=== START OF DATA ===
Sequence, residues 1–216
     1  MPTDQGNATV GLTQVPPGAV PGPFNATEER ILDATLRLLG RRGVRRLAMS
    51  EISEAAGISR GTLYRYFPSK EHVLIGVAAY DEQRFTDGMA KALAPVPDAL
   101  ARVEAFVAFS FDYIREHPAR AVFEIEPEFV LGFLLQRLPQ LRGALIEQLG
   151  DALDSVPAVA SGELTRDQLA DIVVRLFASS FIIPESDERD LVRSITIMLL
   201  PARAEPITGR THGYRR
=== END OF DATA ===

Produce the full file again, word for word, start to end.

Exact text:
Sequence, residues 1–216
     1  MPTDQGNATV GLTQVPPGAV PGPFNATEER ILDATLRLLG RRGVRRLAMS
    51  EISEAAGISR GTLYRYFPSK EHVLIGVAAY DEQRFTDGMA KALAPVPDAL
   101  ARVEAFVAFS FDYIREHPAR AVFEIEPEFV LGFLLQRLPQ LRGALIEQLG
   151  DALDSVPAVA SGELTRDQLA DIVVRLFASS FIIPESDERD LVRSITIMLL
   201  PARAEPITGR THGYRR